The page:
The so-called Arab Spring – an attempt of summary

Posted: December 20, 2011 in Sideviews
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On 17th December 2010 something occurred in the small Tunisian town of Sidi Bouzid that should lead to a so-called “revolution”. On that day, a desperate Tunisian teenager, who tried to support the livelihood of his family with his vegetable stand there, lit himself.

Again and again he was bullied and also harassed by the behavior and conditions of the Tunisian police in this village. His self-immolation happened one year ago and he died of his injuries. This sad act sparked major protests by angry and frustrated young people in Egypt.

Some followed Muhammad Buazizi example and also committed suicide after his sad death. The first so-called revolution in the Arab world has been triggered. Whether this “revolution” has been really triggered all alone from within Egypt by this sad act should be questioned.


It wasn’t the first demonstration against the rise of food prices, but those protests were not able to overthrow the dictator. This changed with these protests in spring 2011. One should consider that these developments around these demonstrations have been driven from the outside, too.

For example, the name of Former U.S. diplomat Jeffrey Feltman appears repeatedly in connection with these so-called revolutions in the Middle East.

The events in Tunisia spilled over to other states and for example, the Tunisian dictator quickly left his homeland to find asylum in Saudi Arabia. Some say a bit too quickly. Even before the wave of “revolutions” (“Arab Spring”) reached Egypt, this interesting wave reached the both states Morocco and Algeria.

Again, the people took to the streets in protest against rising food prices and against the corruption within the country. Of course, the people in Algeria and Morocco also protested against the injustice.

Finally, the demonstrations in Egypt began on 25th of January. These protests in Egypt were primarily socially motivated demonstrations, in which the people wanted to give vent to their anger.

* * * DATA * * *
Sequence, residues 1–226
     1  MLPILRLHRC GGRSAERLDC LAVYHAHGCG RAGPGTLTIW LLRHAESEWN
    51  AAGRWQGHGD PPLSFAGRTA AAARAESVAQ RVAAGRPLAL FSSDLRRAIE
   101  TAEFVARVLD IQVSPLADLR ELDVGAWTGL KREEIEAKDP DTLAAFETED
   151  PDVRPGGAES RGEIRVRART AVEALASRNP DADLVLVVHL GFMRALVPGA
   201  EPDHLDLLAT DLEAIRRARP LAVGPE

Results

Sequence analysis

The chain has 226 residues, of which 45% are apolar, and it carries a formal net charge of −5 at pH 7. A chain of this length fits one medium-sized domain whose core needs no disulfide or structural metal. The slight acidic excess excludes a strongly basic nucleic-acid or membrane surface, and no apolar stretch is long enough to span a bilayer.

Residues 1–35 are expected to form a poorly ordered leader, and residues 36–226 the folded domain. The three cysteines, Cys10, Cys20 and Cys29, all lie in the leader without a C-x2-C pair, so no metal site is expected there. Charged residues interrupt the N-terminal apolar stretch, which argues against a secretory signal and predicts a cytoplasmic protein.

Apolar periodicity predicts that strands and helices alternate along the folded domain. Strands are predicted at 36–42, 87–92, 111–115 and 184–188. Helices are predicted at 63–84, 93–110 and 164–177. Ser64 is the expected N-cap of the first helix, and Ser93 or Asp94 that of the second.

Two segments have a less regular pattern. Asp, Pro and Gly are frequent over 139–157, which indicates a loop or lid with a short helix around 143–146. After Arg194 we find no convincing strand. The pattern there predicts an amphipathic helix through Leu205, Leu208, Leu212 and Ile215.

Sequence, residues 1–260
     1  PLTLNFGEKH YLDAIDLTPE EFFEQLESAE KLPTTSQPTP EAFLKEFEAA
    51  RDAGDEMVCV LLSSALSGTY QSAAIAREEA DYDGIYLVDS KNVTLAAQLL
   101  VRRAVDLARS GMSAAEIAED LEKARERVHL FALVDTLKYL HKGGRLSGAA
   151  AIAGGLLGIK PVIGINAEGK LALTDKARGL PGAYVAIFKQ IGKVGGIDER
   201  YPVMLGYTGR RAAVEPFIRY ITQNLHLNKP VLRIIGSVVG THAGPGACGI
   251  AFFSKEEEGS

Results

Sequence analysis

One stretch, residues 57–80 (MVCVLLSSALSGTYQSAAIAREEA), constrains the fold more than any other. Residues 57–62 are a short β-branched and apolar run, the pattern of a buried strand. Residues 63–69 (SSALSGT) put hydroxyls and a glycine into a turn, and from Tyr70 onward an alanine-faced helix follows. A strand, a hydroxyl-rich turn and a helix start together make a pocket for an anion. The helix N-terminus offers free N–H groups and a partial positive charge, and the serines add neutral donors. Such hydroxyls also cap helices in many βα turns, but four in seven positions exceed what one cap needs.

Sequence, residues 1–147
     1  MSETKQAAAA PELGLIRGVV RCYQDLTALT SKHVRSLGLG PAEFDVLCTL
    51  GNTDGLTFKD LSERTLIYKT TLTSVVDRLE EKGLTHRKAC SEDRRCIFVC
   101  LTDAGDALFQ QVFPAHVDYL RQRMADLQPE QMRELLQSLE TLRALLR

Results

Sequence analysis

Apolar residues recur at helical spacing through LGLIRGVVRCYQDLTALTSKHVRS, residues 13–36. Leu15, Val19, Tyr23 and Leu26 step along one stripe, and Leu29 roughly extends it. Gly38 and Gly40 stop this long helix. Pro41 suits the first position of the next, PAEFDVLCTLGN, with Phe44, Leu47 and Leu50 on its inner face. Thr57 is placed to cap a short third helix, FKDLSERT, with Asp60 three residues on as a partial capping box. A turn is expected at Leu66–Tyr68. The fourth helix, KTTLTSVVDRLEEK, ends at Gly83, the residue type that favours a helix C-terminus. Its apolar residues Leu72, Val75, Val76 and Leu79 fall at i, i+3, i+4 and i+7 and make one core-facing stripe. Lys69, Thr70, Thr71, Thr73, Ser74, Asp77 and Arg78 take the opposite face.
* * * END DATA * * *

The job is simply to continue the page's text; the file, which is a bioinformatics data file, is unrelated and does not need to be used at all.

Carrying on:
Triggered by the financial crisis (U.S. is mainly to blame for this) the food prices and housing prices also increased in the Arab countries. Where the foreign/western countries did not intervene, the demonstrations disappeared again.

Take a look at Algeria. It seems that nowadays hardly anyone reminds about Algeria that there people also protested against the government and that these demonstrations were brutally dispersed or even mowed down.

It seems that the Western governments decided secretly that an Algeria under the lead of Bouteflika is safer for Europe than an Algeria, which is ruled by Islamists.

Some experts of the Middle East talk about the beginning of these demonstrations and revolutions about an “Islamic revolution” (even Islamistic revolution) which is masterful ignored by the West till today. The West even ignores these statements about an “Islamic revolution” gladly.

However, the results of the first elections in Tunisia and Egypt speak for themselves: In both countries the Islamists have gained extremely more power and influence. Not surprising at all. For example, the Muslim Brotherhood in Egypt supported and still supports the protests against the power of the Egyptian military. It sometimes seems that the Muslim Brotherhood also forces chaos within these protests because it might be useful for their goals.

Not to mention that the Muslim Brotherhood offered people money to vote for them at these elections in Egypt. A wonderful example of the democratic sense within the Muslim Brotherhood.

Sure a lot of people are able to recall the 11th February. The Egyptian dictator Mubarak resigned at this day and handed “all” the power to the Western-backed military. At the moment, the Egyptian military clings to the power in Egypt and the Egyptians are not able to reach a break to rest after their “revolution”. But this revolution in Egypt was not the last revolution of this “Arab Spring” in 2011.

The Yemenis were encouraged by the events in North African countries and started to take to the streets, also to demonstrate against their Yemeni government.

Shortly before this outbreak of “revolution” in Yemen, the people were again humbled by the corrupt government and the proposed constitutional amendment, which would keep the Yemeni leader Saleh for some more years in office. The frustration of the Yemenis erupted finally.

As far as we know, the Yemenis always have demonstrated in a peaceful manner against the government and military. The bloodshed started as the clan of Sheikh Ahmar began to act against the Yemeni government to enforce the interests of the clan and this Sheikh.

After a longer period of a back and forth and a long stay in Saudi Arabia, Saleh finally agreed to the proposal of the Gulf Cooperation Council and left his post in Yemen. Nobody exactly knows the future of Yemen. What is only certain to say is that the near future won`t be easy for the country and that you are actually able to call Yemen a failed State. Yemen always was a “forgotten” country and the situation within the country is really getting worse.

The Libyan revolution should not necessarily carry this title of a “revolution”. Viewing at Libya it is indeed clear that foreign countries supported those “rebels” to overthrow the ruler Muammar Gaddafi. Not to mention the clear statements about the events in Libya by independent journalists like Lizzie Phelan and others.